Bloomberg News

Oil Declines as Saudis Deny Sabotage: Commodities at Close

March 02, 2012

The Standard & Poor’s GSCI gauge of 24 commodities fell 1.5 percent to 702.49 by 5:19 p.m. in London. The UBS Bloomberg CMCI index of 26 raw materials declined 0.8 percent to 1,643.42.


Oil fell for the first time in three days after Saudi Arabia denied a report of a pipeline explosion in its Eastern province and as the dollar headed for its biggest weekly gain in almost two months.

Crude oil for April delivery dropped $2.26, or 2.1 percent, to $106.58 a barrel on the New York Mercantile Exchange. Prices are down 2.9 percent this week.

Brent oil for April settlement slipped $2.48, or 2 percent, to $123.72 a barrel on the London-based ICE Futures Europe exchange. It surged to $128.40 yesterday, the highest intraday price since July 2008.

Crude oil futures: NI CRMKTS


Gold headed for the biggest weekly decline since mid- December as a stronger dollar lowered appeal of the precious metal as an alternative investment. Silver also fell.

Gold futures for April delivery fell 0.4 percent to $1,715.70 an ounce on the Comex in New York. Prices fell 1.7 percent last month after the biggest one-day drop in 11 weeks on Feb. 29 as the Federal Reserve gave no signal of additional economic stimulus.

Silver futures for May delivery on the Comex fell 1.8 percent to $35 an ounce.

Precious metal markets: NI PCMKTS


Copper futures fell on signs of ample supplies as inventories rose to the highest in at least nine years in China, the world’s biggest consumer of industrial metals.

Copper futures for May delivery dropped 0.3 percent to $3.918 a pound on the Comex in New York. The price still headed for the second straight weekly gain. Before today, the metal climbed 14 percent this year.

On the London Metal Exchange, copper for delivery in three months fell 0.4 percent to $8,592 a ton ($3.90 a pound).

Aluminum, zinc and nickel also fell in London. Tin and lead advanced.

Base metals markets: NI BMMKTS


Cocoa fell, heading for the first weekly decline in three weeks, on speculation that rain will improve crop prospects in West Africa, the world’s biggest producing region. Coffee also declined, while sugar rose.

Cocoa for May delivery fell 1.2 percent to $2,338 a metric ton on ICE Futures U.S. in New York. A settlement at that price would leave prices down 0.8 percent for the week, halting a two- week rally.

Arabica-coffee futures for May delivery fell 0.8 percent to $2.025 a pound in New York, down for the second day in three.

Raw-sugar futures for May delivery advanced 0.9 percent to 25.08 cents a pound on ICE, heading for the first gain in four days.

In London futures trading, cocoa declined, while robusta coffee and refined sugar advanced on NYSE Liffe.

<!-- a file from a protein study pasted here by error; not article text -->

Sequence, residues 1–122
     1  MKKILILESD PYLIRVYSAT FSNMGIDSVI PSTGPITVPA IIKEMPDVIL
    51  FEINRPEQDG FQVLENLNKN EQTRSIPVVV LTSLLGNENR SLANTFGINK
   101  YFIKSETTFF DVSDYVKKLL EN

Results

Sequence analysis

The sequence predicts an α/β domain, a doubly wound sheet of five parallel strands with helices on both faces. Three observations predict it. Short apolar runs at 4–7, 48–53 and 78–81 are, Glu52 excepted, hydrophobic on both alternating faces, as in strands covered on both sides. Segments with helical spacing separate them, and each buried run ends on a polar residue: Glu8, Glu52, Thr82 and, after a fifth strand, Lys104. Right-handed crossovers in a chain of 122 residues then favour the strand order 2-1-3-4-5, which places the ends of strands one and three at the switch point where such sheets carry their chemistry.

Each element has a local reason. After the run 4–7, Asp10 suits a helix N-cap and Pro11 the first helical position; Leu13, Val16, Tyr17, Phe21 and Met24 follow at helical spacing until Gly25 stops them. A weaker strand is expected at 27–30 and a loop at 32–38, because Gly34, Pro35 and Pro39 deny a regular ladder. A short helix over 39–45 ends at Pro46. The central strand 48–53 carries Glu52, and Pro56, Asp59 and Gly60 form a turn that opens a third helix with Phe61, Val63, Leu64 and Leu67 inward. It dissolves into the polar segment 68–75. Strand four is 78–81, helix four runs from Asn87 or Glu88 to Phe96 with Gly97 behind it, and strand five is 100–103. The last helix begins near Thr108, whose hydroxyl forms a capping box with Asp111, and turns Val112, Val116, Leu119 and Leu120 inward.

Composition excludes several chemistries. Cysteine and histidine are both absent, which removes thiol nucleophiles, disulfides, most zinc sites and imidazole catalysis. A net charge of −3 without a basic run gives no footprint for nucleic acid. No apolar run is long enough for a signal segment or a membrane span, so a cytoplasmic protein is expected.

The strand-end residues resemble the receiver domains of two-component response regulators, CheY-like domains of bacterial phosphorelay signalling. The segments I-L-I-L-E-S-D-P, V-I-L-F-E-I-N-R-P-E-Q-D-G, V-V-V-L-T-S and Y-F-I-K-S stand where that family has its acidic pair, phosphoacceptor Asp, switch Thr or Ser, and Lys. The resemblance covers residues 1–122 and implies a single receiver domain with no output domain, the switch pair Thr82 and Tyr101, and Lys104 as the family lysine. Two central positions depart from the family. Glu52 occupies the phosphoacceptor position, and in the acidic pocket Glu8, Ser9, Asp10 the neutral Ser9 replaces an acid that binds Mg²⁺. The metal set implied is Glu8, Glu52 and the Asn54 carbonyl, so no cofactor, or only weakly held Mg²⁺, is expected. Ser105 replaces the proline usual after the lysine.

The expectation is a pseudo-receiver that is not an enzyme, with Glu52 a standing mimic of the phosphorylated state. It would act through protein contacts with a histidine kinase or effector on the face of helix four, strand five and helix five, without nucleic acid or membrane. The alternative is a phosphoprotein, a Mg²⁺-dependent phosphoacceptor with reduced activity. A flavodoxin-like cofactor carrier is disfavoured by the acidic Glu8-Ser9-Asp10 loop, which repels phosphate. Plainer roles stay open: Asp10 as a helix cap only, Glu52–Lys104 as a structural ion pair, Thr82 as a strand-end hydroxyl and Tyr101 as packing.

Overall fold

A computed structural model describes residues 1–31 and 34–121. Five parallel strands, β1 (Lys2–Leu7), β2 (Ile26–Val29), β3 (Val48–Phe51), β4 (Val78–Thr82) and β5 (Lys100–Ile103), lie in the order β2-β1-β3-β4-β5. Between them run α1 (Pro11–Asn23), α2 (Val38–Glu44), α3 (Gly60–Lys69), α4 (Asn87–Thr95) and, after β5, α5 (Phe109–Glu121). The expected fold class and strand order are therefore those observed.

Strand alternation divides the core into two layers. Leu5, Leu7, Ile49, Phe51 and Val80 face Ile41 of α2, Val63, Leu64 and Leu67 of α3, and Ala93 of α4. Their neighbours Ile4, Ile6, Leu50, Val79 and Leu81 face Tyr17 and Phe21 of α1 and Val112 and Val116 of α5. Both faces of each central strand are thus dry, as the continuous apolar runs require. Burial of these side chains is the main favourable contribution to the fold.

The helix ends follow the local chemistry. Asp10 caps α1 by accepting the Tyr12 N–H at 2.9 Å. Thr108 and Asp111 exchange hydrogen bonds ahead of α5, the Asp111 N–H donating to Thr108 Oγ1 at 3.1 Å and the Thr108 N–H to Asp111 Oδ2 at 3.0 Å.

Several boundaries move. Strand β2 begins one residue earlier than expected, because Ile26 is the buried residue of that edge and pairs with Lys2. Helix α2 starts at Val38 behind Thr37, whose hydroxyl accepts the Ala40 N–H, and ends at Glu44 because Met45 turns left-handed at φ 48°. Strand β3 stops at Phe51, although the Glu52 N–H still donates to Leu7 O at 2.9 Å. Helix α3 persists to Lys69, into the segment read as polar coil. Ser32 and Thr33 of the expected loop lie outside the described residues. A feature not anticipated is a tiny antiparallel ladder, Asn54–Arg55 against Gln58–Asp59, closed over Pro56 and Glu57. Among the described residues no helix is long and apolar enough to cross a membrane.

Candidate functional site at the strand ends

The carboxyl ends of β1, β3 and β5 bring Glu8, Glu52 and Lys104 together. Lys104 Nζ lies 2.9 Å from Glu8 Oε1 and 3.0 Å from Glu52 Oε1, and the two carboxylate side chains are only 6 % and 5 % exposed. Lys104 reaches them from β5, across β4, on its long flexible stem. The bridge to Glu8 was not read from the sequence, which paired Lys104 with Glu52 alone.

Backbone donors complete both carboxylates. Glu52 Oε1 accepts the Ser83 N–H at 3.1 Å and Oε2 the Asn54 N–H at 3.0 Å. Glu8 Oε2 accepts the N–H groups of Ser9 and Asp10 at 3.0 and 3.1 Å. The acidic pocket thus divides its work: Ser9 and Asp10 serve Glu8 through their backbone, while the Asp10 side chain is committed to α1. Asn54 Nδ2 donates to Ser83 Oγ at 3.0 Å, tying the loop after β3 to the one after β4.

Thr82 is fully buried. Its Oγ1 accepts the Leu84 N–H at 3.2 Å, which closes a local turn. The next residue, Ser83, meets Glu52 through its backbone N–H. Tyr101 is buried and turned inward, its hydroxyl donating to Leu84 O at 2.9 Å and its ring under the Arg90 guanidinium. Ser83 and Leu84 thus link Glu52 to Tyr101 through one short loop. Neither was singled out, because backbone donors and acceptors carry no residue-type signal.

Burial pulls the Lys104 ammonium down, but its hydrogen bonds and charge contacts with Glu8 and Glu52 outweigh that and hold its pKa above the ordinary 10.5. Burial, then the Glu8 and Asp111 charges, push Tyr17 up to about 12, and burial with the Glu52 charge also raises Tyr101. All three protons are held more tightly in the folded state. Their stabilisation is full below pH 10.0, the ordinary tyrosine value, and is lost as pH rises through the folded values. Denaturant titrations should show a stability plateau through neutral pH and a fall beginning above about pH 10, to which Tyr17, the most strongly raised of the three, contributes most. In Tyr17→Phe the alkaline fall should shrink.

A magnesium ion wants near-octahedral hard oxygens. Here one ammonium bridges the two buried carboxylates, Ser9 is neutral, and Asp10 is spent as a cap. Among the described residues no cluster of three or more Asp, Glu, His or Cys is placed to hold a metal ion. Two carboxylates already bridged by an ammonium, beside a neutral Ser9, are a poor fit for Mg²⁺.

Soft commodities markets: NI SOMKTS


Natural gas futures advanced in New York for a third day this week as the power-plant fuel helped fill the gap left by 18 offline U.S. nuclear reactors.

Natural gas for April delivery rose 0.7 cent, or 0.3 percent, to $2.47 per million British thermal units on the New York Mercantile Exchange. The contract climbed to $2.505 earlier. Futures have declined 3.1 percent this week.

U.K. natural gas: NI NUKMKT Gas market: NI GASMARKET Americas natural gas: NI AGASMARKET European natural gas: NI EGASMARKET


Corn dropped for a second day on signs that farmer sales will rise in the U.S. and South America and as a stronger dollar reduced the appeal of commodities. Soybeans gained for a 10th session.

Corn futures for May delivery fell 0.5 percent to $6.51 a bushel on the Chicago Board of Trade, after falling 0.6 percent yesterday. On Feb. 29, the grain touched $6.615, the highest since Jan. 9.

Soybean futures for May delivery gained 0.3 percent to $13.2675 a bushel in Chicago. Prices are headed for a 10th straight gain, which would be the longest rally since July. Earlier, the oilseed touched $13.2775, the highest for the most- active contract since Sept. 21.

Grain markets: NI GRMKTS


Gasoline retreated from a nine-month high after a Saudi Arabian official late yesterday said there was no sabotage of any oil facility, following reports of a fire in a pipeline.

Gasoline for April delivery fell 5.84 cents, or 1.7 percent, to $3.2933 a gallon on the New York Mercantile Exchange. Prices touched $3.3868 yesterday after the close of floor trading.

April-delivery heating oil declined 5.47 cents, or 1.7 percent, to $3.2206 a gallon on the exchange. Prices have risen 9.7 percent this year.

Oil Products Europe: NI OPEMKT Gasoline: NI GASOLINE Heating oil: NI HEATOIL


Hog futures rose to a one-week high on signs of increasing demand for U.S. pork as consumers seek alternatives to more expensive beef. Cattle was little changed.

Hog futures for April settlement rose 0.2 percent to 90.4 cents a pound on the Chicago Mercantile Exchange. Earlier, the price reached 90.65, the highest for a most-active contract since Feb. 22.

Cattle futures for April delivery slid less than 0.1 percent to $1.30925 a pound. Before today, the price rose 7.8 percent this year.

Feeder-cattle futures for April settlement dropped 0.1 percent to $1.61675 a pound. Earlier, the price rose to a record $1.6205.

Livestock markets: NI LVMKTS

To contact the reporter on this story: Nicholas Larkin in London at

To contact the editor responsible for this story: John Deane at

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